Copyright 2011 Associated Press. All rights reserved. This material may not be published, broadcast, rewritten, or redistributed.

Remember that guy? Former Cubs shortstop Ricky Gutiérrez

Remember that guy? Former Cubs shortstop Ricky Gutiérrez

Ricky Gutiérrez played in the Majors from 1993-2004. He played shortstop for the Cubs from 2000-01 and later signed with them again in June 2004. 

However, Gutiérrez never got back to the Majors with the Cubs, who sent him to the Red Sox the following month. His final Major League game was with the Red Sox on Oct. 3, 2004, the final game of the 2004 regular season; he didn’t play in the 2004 postseason. Gutiérrez was subsequently signed and released by a few other teams, including the White Sox in 2005.

Gutiérrez holds the distinction of being the first Cubs player to hit a regular season grand slam against the White Sox (July 12, 2001). In his two seasons with the Cubs, he tied for the Major League lead in sacrifice bunts both years (16 in 2000, 17 in 2001) which was odd since he had a grand total of 18 sacrifice bunts in his 847 career games NOT in a Cubs uniform. He also had uncharacteristic power with the Cubs:  21 home runs for Chicago in 272 games, 17 home runs with everyone else (847 games).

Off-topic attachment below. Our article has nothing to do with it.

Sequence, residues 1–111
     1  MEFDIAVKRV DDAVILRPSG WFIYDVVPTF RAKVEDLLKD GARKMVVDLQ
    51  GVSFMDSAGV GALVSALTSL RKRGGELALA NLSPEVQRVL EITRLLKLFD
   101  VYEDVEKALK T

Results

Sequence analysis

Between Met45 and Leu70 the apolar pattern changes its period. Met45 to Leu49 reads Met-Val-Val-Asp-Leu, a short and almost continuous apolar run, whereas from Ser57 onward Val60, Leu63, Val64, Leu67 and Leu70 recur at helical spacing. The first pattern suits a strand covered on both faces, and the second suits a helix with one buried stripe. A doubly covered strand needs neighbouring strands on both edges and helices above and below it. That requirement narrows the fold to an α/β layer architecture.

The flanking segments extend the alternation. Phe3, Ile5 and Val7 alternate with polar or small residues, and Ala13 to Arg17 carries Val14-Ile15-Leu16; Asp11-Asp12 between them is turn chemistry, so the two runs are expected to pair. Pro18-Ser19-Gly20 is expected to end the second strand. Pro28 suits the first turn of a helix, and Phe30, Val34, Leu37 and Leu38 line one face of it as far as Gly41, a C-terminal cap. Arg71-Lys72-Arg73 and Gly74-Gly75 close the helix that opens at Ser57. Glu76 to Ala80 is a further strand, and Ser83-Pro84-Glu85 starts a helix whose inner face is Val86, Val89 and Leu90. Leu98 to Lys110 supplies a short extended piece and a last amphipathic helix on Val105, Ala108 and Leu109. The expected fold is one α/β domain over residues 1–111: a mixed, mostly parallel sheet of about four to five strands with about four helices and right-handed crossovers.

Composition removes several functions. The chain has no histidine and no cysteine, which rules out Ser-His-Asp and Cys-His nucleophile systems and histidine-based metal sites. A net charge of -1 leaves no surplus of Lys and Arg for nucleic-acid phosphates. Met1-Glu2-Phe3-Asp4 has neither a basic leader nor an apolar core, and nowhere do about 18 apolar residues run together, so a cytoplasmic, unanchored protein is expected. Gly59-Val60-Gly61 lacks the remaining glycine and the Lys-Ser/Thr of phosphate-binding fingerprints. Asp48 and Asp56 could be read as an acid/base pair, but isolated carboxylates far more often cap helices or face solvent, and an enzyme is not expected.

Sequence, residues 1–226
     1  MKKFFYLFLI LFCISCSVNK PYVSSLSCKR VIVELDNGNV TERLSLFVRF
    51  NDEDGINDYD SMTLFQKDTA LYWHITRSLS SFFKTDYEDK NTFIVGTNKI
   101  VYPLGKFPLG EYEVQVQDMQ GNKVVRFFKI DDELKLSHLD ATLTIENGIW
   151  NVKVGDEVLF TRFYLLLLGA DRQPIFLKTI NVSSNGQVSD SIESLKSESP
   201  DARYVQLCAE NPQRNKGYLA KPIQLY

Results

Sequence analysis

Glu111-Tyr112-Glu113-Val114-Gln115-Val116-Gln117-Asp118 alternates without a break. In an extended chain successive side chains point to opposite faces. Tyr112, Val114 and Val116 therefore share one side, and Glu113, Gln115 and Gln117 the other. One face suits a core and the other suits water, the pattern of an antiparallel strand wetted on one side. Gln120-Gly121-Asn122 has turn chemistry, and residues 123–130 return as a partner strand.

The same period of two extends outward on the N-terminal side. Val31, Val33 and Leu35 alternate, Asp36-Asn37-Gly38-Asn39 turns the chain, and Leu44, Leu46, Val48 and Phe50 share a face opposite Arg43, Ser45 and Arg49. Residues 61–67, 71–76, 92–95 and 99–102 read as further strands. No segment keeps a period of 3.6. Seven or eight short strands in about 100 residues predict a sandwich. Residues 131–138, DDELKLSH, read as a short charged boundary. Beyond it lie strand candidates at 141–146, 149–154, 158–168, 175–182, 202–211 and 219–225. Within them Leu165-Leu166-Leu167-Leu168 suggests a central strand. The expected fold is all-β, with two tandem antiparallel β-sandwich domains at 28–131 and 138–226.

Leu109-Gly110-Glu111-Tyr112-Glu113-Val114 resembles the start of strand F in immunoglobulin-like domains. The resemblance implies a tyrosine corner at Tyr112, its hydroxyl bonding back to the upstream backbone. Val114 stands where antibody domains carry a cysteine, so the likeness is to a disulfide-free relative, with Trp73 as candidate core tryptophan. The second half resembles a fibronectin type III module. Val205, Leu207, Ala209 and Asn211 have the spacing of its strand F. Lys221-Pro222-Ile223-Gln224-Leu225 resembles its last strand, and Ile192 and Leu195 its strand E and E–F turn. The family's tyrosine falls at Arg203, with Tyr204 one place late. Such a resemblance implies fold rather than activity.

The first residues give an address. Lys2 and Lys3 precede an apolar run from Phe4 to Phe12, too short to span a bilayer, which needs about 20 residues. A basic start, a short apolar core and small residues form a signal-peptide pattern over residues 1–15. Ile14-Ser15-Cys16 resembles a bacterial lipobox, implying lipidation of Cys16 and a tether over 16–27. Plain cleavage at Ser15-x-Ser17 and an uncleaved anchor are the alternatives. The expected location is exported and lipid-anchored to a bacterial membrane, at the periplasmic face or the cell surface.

What Cubs fans probably remember most is what Gutiérrez did against them. On May 6, 1998 he had the lone hit (many dispute it should have been ruled an error) for the Astros off Kerry Wood in Wood’s 20-strikeout masterpiece at Wrigley Field (Gutiérrez was responsible for two of the strikeouts).